The hard work of Dr. Isaac Israel Hayes and the Roman Catholic Sisters of Charity paid off when the fighting finally stopped in the spring of 1865 and the Union emerged victorious from the Civil War. Out of the 60,000 patients who passed through Satterlee Hospital, only 260 died of battle wounds and disease. Sadly, countless veterans who survived American hospitals fell victim to another affliction: opiod addiction. Faced with limited pain treatment options, Victorian physicians freely injected their patients with morphine to alleviate pain. Wrote one Union veteran who survived the notorious Confederate prison camp at Andersonville: “No tongue or pen will ever describe…the depths of horror in which my life was plunged at this time; the days of humiliation and anguish, nights of terror and agony, through which I dragged my wretched being.” According to Horace Day’s estimate in 1868, between 80,000 and 100,000 Americans (north and south) were in the deadly clutches of the poppy-derived morphine molecule.
After the war, crews came in and demolished all of the structures on the Satterlee grounds, and the land slowly reverted back to meadow. Mill Creek continued to rush through the site, draining into a large pond that had once supplied fresh water to the patients. A few large twin houses sprung up along Baltimore and Chester Avenues during the next two decades, but it wasn’t until the electric trolleys arrived on Baltimore Avenue in the 1890s that the area around Satterlee began to become more densely developed. The caring religious presence didn’t desert the area after the nuns departed, however. The Home of the Merciful Savior for Crippled Children, erected at 45th Street and Baltimore Avenue, was organized by a local Episcopal minster and his wife for “the care, support and maintenance of children crippled by disease, accident or in other way.”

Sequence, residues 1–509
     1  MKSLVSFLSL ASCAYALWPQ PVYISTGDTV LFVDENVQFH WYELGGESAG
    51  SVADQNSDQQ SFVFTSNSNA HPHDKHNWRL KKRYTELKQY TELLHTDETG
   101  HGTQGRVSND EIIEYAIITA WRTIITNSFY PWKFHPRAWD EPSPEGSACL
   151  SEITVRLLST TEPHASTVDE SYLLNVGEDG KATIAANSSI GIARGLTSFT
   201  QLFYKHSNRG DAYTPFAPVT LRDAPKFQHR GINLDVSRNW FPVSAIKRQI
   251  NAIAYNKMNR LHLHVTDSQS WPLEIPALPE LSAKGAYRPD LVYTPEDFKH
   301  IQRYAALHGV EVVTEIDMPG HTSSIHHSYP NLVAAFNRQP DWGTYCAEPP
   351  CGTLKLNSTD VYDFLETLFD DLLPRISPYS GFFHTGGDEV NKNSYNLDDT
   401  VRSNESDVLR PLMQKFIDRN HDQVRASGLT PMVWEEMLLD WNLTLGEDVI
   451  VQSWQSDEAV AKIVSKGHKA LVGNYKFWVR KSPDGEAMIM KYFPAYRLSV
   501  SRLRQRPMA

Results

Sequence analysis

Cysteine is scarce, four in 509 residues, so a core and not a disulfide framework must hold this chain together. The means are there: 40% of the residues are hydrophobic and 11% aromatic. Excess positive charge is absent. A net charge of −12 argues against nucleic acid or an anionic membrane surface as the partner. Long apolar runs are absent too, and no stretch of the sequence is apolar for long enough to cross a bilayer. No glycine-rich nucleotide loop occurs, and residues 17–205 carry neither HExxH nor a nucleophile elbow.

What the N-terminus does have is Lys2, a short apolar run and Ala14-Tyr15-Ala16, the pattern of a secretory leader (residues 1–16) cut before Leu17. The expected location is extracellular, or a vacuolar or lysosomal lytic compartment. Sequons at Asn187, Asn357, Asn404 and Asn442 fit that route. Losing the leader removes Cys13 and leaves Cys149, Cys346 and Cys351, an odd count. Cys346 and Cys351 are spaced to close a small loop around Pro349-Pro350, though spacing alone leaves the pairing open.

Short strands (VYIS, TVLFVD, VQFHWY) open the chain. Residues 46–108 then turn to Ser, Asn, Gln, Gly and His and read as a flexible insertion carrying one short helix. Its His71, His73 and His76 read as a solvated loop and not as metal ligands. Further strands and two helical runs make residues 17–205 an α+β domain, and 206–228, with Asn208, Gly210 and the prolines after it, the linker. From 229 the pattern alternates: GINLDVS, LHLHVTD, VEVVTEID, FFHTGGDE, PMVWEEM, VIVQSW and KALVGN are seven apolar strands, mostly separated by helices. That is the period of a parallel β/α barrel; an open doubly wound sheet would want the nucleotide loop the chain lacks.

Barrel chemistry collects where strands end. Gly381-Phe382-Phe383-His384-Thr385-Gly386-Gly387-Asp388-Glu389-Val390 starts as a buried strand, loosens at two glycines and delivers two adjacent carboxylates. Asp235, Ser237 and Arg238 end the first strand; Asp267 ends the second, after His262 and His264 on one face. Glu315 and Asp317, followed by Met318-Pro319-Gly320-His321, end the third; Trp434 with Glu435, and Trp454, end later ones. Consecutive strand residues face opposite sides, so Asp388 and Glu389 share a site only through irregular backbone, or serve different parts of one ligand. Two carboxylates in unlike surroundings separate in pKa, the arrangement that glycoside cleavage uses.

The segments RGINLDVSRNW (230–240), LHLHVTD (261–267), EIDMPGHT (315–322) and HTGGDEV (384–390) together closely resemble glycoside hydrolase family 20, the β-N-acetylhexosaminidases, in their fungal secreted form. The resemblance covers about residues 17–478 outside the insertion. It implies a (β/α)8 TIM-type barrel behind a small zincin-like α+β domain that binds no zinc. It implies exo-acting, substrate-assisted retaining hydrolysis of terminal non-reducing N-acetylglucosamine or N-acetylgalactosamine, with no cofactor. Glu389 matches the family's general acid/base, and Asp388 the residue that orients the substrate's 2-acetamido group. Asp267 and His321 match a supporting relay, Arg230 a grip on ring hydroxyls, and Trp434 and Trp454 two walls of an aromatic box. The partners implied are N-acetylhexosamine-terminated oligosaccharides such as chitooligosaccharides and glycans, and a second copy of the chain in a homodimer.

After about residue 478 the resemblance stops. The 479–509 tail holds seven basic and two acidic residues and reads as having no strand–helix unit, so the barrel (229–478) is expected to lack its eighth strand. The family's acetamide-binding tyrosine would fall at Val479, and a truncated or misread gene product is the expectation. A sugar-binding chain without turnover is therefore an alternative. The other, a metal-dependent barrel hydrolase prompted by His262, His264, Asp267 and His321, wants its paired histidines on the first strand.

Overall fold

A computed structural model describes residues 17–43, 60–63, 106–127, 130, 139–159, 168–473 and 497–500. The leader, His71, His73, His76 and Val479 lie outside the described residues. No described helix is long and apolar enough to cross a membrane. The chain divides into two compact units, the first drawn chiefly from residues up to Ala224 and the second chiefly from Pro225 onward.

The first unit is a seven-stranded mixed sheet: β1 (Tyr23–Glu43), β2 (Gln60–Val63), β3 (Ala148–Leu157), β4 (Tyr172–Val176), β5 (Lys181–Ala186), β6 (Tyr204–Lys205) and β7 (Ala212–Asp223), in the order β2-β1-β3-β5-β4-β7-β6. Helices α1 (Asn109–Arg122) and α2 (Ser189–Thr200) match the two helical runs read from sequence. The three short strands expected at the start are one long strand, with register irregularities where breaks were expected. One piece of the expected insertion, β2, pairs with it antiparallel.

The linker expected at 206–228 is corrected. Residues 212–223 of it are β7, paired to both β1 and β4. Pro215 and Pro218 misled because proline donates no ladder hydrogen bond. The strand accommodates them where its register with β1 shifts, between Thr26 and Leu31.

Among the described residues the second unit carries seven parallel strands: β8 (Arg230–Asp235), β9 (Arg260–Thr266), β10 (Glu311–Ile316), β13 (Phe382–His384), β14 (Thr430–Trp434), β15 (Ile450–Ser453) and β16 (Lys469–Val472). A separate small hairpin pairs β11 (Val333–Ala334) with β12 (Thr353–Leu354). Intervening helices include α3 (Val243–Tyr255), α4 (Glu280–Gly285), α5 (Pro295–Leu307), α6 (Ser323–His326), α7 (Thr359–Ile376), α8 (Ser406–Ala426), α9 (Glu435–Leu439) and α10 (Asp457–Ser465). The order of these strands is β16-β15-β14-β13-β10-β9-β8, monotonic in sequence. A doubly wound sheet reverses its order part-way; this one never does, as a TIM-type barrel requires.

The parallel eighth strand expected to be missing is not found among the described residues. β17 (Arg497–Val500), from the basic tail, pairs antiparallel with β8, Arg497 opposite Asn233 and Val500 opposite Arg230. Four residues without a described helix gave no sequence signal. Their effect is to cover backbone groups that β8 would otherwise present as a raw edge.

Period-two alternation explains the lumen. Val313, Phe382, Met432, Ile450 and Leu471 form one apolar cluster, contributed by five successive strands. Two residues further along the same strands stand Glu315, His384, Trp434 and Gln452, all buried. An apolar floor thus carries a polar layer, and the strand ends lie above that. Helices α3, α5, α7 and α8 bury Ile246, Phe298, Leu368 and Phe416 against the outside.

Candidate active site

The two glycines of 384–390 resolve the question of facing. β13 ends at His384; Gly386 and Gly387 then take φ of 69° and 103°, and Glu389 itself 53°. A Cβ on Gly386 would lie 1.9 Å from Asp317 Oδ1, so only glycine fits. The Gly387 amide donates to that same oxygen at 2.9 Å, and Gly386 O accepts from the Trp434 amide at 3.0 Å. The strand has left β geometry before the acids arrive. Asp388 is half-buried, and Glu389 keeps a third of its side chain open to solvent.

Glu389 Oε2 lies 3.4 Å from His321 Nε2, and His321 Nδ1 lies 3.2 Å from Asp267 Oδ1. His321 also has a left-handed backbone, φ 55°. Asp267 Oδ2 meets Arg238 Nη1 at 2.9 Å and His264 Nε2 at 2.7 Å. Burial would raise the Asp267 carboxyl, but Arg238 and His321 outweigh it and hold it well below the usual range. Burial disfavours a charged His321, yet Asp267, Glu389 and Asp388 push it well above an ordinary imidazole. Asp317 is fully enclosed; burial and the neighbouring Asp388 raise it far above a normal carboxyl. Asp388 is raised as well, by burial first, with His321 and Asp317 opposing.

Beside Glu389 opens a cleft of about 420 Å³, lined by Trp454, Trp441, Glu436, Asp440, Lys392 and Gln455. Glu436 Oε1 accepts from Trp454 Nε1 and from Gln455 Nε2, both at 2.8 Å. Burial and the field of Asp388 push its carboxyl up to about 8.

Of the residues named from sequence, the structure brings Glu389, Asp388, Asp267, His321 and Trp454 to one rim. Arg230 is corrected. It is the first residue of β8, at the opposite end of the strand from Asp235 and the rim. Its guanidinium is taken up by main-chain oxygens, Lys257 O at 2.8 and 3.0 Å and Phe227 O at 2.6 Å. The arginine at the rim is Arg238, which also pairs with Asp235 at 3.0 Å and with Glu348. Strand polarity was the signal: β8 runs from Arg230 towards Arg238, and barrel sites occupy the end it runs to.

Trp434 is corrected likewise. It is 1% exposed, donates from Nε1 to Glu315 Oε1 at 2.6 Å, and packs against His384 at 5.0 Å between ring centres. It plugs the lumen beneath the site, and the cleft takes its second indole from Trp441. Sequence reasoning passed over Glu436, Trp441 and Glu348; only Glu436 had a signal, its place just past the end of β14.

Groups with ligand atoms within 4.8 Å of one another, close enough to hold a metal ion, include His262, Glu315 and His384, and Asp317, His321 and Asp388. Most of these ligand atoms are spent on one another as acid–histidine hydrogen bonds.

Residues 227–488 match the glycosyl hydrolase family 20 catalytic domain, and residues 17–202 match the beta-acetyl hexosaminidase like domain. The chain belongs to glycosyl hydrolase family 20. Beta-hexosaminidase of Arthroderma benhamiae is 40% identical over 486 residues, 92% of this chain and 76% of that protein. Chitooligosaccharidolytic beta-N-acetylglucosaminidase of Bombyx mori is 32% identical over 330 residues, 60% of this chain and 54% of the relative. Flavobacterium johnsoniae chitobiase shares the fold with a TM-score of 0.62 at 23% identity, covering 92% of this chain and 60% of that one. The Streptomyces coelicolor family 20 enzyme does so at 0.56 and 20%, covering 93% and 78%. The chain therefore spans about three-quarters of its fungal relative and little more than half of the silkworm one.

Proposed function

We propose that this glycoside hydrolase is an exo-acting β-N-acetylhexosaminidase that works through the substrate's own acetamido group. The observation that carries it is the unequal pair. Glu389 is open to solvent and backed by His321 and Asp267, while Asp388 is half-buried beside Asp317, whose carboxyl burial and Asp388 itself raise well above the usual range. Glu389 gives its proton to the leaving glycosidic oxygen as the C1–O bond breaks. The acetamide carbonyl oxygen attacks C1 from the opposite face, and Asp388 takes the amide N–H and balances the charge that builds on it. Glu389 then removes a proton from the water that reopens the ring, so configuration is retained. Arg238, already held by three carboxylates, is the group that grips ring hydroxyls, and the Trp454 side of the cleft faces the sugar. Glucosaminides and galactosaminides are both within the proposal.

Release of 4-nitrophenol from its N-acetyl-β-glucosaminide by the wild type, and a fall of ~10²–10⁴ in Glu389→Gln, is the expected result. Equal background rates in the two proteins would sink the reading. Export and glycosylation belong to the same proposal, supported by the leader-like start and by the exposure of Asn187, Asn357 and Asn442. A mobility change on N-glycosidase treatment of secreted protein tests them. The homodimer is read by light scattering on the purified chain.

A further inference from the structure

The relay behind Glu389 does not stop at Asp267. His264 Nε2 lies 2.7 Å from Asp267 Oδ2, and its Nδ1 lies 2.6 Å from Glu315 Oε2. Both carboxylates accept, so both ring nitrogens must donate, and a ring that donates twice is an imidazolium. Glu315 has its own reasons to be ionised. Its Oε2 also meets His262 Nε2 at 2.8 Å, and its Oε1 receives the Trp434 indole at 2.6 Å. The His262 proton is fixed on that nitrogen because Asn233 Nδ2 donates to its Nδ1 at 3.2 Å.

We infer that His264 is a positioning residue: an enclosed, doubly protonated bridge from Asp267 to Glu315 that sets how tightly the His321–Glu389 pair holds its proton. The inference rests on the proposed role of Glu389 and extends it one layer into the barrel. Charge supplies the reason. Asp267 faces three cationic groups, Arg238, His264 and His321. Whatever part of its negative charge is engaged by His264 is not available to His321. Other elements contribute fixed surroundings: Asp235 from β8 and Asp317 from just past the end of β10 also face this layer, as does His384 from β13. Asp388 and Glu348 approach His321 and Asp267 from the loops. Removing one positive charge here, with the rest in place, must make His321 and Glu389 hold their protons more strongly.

To preserve open space in the increasingly crowded streetcar suburb, the Clark family purchased 9 acres of the former Satterlee site from the city for $103,000 and turned into a verdant neighborhood park. Yet even with the buildings gone, the memory of Satterlee did not fade. In 1916, residents of the area purchased a large stone from the Devil’s Den part of the Gettysburg Battlefield and placed it on the northern edge of Clark Park as a permanent commemoration of the work of Dr. Hayes, his medical staff, and the Sisters of Charity. Artifacts such as bullets and uniform buttons still occassionally turn up in the dirt.
As for Dr. Isaac Israel Hayes, he did not rest on his laurels after his grueling Civil War work. Rather, he returned to the frigid polar seas and continued his surveying and mapping work. In 1869, he made a third exploration voyage to the Arctic, cruising around Greenland aboard the brig Panther. He wrote down his memories of this expedition in his book The Land of Desolation, and lectured frequently about his travels, but not so much about his Civil War record. Like many men of his generation, he probably wanted to put all of the horrible things he had seen and heard behind him. He moved to New York and served as a Republican in the New York State Assembly, and was an active member of the American Geographical Society of New York. He died in 1881, aged only 49. He never married.
Anon, Opium Eating: An Autobiographical Sketch by An Habituate (Philadelphia: Claxton, Remsen & Haffelfinger, 1876), p.67.
Dillon J. Carroll, “Civil War Veterans and Opiate Addiction in the Gilded Age,” Journal of the Civil War Era, November 22, 2016.
“Friends of Clark Park.” http://www.friendsofclarkpark.org/about-clark-park/, accessed January 26, 2017.
“Satterlee Artifacts Unearthed,” http://www.friendsofclarkpark.org/category/clark-park/gettysburg-stone/, accessed January 26, 2017.
Hayes, Isaac Israel, Dictionary of Canadian Biography, Volume XI (1881-1890), http://www.biographi.ca/en/bio/hayes_isaac_israel_11E.html, accessed January 26, 2017.
“History — The HMS School,” http://hmsschool.org/about/history/, accessed January 26, 2017.